Work songs. Labong songs in Tibet can be divided into five types, i.e. those sung during construction, agricultural work, pasturing, sideline jobs and transporting. Construction work songs include earth-moving songs, huge stones and timbers-moving songs, stone-carrying songs, tamping-groundsill songs, tamping-wall songs and "Agar clay" songs, etc.

Agricultural work songs include plowing songs, earth-moving songs, weeding songs, carrying-fertilizer songs, and grain-threshing songs, etc.

Pasturing work songs include herding songs, butter-making songs, shearing songs, milking songs, butter-refining songs, etc.

Work songs

Sideline work songs include weaving pulu woolen fabrics songs, washing pulu woolen fabrics songs, frying qingke barley songs, grinding feedstuff songs, oil-pressing songs, arrow songs, etc.

Transporting work songs include home and mule state songs, donkey state songs, driving yak songs, paddling yak hide rafts songs, etc.

Talking and singing music. The talking and singing music in Tibet include Gesar, Lama Mani, etc. Talking and singing music is characterized by talking for a while and singing for a while, talking before singing, and circling a course.

"Gesar" talking and singing music is often popular in Nagqu in northern Tiibet and Qamdo in eastern Tibet.

Work songs

"Lama Mani" talking and singing music is often popular in areas of Lhasa, Shigatse, and Shannan in the middle areas of Tibet: "Zhegar" talking and singing music is mostly popular around the whole Tibetan-inhabited areas, and contains some simple dances during talking and singing.

"Gorlo" is an old Tibetan ballad. It was developed in three stages: the initial one was "Gorlo" of TuboTsampo (king) period, the medium one was "GorIo" of the feudalist separatist regime period (Gorlo of Milha Raba is typical), and later one was "Gorlo" of the local government period of "Gandain Phodrang" (Gorlo of the 6th Dalai Lama Camyang Gyamco is typical); "Shia" is an antiphonal ballad mostly popular on the Tibetan Plateau, and it is usually played during various religious festivals; the word of "Zonglu" in Tibetan has the meaning of songs sung in storytelling, and it has another name of folk song of story-telling, popular throughout Tibet.

Instrumental Music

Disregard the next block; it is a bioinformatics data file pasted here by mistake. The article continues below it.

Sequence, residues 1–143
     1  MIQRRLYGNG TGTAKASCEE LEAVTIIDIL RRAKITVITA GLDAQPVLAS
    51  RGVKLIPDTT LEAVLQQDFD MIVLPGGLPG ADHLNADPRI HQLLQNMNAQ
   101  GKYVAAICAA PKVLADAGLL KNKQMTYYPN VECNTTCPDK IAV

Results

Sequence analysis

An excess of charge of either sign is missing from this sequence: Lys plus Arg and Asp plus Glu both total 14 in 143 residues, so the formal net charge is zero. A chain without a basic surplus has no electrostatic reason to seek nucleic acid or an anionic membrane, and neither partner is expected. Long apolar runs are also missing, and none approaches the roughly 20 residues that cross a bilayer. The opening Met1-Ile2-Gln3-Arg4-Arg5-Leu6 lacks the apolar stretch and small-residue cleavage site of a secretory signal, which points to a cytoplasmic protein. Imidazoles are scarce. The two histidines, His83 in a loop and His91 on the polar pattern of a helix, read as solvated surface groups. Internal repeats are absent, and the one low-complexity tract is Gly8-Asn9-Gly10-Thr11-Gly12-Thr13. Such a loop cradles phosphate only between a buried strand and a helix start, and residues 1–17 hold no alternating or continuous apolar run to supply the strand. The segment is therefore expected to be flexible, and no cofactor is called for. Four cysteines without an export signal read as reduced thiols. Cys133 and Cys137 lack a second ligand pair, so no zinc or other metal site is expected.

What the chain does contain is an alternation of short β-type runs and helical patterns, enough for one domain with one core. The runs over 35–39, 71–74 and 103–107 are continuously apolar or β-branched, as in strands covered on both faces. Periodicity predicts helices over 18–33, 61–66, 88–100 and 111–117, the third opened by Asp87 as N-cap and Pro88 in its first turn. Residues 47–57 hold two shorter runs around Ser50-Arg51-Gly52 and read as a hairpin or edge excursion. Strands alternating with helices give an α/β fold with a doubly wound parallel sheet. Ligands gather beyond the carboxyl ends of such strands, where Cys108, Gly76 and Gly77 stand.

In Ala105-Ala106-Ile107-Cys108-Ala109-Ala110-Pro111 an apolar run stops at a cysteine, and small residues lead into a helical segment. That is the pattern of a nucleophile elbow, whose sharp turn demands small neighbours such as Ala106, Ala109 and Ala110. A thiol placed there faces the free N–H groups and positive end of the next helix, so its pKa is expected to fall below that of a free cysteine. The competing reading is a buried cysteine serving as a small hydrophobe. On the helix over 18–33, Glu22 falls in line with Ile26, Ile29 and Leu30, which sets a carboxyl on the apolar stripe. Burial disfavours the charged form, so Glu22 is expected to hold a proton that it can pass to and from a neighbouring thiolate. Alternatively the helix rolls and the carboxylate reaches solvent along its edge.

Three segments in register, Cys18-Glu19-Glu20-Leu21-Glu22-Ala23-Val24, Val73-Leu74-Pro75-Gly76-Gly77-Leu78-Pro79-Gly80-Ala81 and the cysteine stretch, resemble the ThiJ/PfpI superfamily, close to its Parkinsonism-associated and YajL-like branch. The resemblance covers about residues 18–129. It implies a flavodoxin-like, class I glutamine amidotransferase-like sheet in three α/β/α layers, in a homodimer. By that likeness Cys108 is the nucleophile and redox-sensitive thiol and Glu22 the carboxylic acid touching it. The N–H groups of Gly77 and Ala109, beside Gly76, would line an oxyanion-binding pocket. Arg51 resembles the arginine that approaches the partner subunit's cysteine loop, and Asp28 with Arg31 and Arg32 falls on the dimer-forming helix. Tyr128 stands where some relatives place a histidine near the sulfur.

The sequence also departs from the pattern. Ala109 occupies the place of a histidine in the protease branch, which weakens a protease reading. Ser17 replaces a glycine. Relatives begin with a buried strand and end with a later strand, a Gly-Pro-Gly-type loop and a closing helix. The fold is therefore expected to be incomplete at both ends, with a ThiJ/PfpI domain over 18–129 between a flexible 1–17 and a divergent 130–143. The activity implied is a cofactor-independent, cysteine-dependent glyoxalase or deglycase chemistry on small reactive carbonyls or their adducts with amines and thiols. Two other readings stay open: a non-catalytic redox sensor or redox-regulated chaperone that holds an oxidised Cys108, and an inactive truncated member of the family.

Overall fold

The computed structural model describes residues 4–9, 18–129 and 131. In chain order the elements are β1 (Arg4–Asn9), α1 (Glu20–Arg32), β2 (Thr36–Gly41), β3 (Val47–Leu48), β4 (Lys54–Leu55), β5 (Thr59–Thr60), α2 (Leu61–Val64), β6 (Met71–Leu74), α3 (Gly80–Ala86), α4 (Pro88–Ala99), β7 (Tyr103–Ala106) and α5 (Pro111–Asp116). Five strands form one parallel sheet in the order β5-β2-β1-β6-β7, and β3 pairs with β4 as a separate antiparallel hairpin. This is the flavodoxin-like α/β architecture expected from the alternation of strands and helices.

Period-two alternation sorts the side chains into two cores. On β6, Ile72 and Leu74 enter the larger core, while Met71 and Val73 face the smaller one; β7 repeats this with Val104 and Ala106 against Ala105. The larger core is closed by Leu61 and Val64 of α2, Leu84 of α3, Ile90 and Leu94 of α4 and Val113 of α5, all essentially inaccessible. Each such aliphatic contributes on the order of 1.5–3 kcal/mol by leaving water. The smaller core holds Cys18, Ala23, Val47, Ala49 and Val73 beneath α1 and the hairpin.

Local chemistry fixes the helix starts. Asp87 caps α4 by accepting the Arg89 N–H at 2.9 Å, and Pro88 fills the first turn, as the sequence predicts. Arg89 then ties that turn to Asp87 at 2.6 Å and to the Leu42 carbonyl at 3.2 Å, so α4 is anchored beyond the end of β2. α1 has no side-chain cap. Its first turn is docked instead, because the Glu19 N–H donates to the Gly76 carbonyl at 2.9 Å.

Instrumental music in Tibet is not very developed. There were many instruments during each historical stage, but most were played more in religious music than in folk art, Even if it was used by the folk, it only served as accompaniment to folk songs or dances and hardly showed up solo. In the early 20th Century, military bands emerged in the Tibetan army. The instruments played were tuba, trumpet, French horn, trombone flute, piccolo, large and small military drums and plucked stringed instruments. The songs played included foreign works, Tibetan folk music, and some Han Songs.

Religious Music

Before 1951, when Tibet won peaceful liberation, almost all people in Tibet believed in religion. Hence, religious music occupied a vital position in Tibetan society. Religious music in Tibet is another name for monastery music, and it can be divided into music of the Bon and Tibetan Buddhism. Performances were carried on during religious festivals, and wherever religious activity is, there is religious music.

Religious Music

Religious instruments often have "Tongqen" (Buddhist horns), which are applied in large-scale ceremonies. "Gyaling" is a wind instrument originating inhabited areas and is often applied in large-scale ceremonies as well. "Suona" is an instrument originated from Arabia and is often applied in various ceremonies. Drums of long handle or bell drums are often played in the halls of the Buddhist guardians and ceremonies. Big gongs or brass gongs are often used to announce the rallying time of monks. White sea conch is one or the important accompaniment instruments in religious ceremonies; the big sea conch is mainly used in Tantric ceremonies; in the Sagya, Nvingma and Gagyu Sects, this sort of instrument is often used in praising Songs.

Opera Music

This includes Tibetan opera, Qamdo opera, Moinha opera and etc. Tibetan opera is the general name of Tibetan opera arts. Qamdo opera and Moinba opera both belong to Tibetan opera, while the music for voice and performing form of these operas are obviously different from Tibetan opera in the U-Tsang area.

Opera Music

In regard to the color of the masks, Tibetan opera can he divided into two kinds: white mask opera and blue mask opera. It is usually believed that blue mask opera was created by the famous accomplished monk Thang Stong Rgyal Po of the Gagyu Sect of Tibetan Buddhism in the 14th century. Later, during a long development course, it evolved into eight lists of opera, including Prince Norsang and Princess Wencheng.

A drum and a plucked stringed instrument serve as accompaniment and the music is particularly characterized by long rhythm and loud tone.

Travelers' Questions Might Help

The questions raised by our past customers can help you get a more clear picture about tours to Tibet, read them or tell us your own questions via the form on the right side, our specialists will reply you within 24 hours.

user portrait Mr. St*** from: Kailash Circuit ( 18 Days )